Parasitic load

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This article is about machine loads. For the epidemiological meaning, see Parasite load.

Parasitic load is a term used with regard to electrical appliances and railway locomotives.

With regard to electrical appliances, it represents the power consumed even when the appliance is shut off, that is standby power.

With regard to railway locomotives, it is any of the loads or devices powered by the diesel prime mover not contributing to tractive effort, such as air compressor, traction motor blower, or radiator fans.

With regard to electricity production, it is any of the loads or devices powered by the wind generator, not contributing to net electric yield found by subtracting productive yield from gross yield or

GY - PY = PL where

"GY" is gross electric yield (the output of the generator); "PY" is productive yield (the electricity which is made available to external electric loads);and "PL" is parasitic load.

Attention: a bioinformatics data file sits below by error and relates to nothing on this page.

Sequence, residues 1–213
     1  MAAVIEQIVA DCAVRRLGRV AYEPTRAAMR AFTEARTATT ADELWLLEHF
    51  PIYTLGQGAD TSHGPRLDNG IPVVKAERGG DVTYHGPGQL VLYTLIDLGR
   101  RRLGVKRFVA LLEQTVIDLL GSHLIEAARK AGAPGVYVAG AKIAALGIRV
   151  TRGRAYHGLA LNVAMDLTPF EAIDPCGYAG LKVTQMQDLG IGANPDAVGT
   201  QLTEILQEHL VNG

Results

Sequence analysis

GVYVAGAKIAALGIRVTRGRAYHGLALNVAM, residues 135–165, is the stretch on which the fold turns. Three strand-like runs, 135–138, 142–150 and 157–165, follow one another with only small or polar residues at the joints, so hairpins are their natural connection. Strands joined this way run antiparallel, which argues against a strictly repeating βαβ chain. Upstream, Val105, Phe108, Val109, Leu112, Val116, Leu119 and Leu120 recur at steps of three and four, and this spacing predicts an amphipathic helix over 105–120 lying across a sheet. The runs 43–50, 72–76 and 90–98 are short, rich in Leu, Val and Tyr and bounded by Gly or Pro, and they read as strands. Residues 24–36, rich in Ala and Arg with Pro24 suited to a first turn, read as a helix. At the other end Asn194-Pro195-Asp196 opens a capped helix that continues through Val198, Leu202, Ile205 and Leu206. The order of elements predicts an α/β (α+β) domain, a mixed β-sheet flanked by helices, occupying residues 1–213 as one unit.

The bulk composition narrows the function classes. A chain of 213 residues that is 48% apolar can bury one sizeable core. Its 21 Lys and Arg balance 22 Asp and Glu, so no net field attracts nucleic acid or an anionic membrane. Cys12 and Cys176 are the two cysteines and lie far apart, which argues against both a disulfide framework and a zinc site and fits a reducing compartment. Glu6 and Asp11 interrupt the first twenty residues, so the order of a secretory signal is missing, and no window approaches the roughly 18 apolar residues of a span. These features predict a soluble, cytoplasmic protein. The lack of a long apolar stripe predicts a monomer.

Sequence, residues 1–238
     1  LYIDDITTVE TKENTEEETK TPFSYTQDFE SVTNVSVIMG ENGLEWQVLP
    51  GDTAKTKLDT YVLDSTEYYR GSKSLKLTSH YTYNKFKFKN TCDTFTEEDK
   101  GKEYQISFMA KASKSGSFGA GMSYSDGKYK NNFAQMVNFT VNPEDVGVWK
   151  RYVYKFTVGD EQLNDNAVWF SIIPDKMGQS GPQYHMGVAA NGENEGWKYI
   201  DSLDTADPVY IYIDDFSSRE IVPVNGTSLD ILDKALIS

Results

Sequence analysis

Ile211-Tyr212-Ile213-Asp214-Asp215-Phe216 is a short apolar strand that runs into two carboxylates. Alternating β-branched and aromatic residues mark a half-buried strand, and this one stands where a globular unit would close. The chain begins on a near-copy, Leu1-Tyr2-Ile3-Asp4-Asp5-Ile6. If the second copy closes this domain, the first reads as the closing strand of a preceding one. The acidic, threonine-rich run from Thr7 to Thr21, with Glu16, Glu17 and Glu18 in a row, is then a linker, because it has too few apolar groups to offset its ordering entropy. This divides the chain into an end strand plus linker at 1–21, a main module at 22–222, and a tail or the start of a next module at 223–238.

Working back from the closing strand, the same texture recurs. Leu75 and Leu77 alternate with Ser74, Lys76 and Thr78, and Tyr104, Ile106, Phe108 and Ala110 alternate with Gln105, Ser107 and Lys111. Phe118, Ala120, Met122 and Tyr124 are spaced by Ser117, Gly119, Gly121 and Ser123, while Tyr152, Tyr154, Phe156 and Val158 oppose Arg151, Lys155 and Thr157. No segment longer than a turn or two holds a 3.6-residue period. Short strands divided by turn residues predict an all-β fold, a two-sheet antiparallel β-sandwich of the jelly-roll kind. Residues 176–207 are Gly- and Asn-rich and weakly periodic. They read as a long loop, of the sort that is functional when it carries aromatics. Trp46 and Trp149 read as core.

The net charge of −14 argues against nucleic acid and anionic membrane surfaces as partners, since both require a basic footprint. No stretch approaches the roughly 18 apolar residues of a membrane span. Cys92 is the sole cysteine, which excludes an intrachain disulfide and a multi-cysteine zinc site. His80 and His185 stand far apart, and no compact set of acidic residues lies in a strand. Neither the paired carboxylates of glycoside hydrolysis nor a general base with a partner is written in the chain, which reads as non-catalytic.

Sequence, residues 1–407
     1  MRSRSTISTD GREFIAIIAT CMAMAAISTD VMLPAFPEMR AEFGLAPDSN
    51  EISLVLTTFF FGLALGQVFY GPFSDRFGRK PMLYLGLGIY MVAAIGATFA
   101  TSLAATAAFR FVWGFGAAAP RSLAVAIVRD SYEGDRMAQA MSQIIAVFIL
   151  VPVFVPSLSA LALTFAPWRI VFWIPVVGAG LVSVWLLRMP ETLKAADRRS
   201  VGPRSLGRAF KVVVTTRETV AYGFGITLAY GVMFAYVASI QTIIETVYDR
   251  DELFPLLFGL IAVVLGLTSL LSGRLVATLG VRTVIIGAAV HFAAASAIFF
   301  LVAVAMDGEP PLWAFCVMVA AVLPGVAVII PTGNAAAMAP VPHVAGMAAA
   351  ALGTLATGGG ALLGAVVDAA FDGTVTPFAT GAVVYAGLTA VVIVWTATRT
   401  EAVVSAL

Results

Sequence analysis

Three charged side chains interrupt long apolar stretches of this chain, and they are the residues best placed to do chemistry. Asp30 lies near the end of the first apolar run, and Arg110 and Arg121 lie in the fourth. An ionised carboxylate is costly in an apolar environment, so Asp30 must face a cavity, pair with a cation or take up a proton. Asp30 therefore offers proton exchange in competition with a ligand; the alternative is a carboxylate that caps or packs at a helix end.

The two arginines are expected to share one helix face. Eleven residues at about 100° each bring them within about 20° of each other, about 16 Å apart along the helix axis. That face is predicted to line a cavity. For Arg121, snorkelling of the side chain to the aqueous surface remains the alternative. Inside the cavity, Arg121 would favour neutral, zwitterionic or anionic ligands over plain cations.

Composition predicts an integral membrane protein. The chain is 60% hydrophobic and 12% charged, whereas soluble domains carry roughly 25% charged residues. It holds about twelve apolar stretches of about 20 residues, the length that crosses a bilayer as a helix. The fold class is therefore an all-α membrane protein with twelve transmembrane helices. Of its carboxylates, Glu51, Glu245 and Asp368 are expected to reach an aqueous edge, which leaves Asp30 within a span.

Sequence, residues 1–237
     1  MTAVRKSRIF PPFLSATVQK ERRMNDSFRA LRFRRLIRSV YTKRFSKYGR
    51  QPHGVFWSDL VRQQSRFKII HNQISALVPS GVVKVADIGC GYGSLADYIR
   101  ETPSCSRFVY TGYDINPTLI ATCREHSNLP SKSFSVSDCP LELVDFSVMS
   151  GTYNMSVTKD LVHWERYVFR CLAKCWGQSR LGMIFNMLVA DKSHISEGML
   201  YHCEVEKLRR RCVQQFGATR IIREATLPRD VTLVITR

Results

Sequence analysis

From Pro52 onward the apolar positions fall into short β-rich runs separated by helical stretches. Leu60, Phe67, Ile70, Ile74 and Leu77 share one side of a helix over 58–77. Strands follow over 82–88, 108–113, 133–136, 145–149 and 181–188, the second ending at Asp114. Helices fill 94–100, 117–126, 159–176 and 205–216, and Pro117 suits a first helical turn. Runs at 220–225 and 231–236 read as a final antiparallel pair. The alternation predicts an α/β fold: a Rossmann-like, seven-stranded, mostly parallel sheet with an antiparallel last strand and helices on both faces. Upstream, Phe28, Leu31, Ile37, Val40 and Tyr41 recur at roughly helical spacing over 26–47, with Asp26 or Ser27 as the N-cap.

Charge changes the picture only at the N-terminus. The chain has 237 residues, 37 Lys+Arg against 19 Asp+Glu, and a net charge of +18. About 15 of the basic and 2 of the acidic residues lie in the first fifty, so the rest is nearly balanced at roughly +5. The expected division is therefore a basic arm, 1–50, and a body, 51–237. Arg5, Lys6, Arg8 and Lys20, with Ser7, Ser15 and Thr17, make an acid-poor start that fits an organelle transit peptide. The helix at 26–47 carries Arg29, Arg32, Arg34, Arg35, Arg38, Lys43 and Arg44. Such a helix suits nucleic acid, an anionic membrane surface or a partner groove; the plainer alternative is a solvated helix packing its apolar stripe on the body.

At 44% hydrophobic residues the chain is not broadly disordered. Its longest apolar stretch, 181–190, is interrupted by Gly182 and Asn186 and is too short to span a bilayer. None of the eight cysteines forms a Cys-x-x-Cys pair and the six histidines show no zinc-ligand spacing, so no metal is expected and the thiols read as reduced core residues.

Parasitic loss in internal combustion engines[edit]

The term parasitic loss is often applied to devices that take energy from the engine in order to enhance the engine's ability to create more energy. In the internal combustion engine, almost everything, including the drive line, causes parasitic loss. Bearings, oil pumps, piston rings, valve springs, flywheels, transmissions, driveshafts, and differentials also rob the system of power. An oil pump, being used to lubricate the engine, is a necessary parasite that consumes power from the engine (its host).

Another example is a supercharger, which derives its power from the engine and creates more power for the engine. The power that the supercharger consumes is parasitic loss and is usually expressed in horsepower (HP). While the HP that the supercharger consumes in comparison to what it generates is small, it is still measurable or calculable. One of the desirable features of a turbocharger over a supercharger is the lower parasitic loss of the former.[citation needed]

Another common use of the term parasitic loss is where a new or different design reduces parasitic loss, such as the use of a dry sump over a wet sump. The reason may be less friction or many other variables that cause the design to be more efficient.[citation needed]

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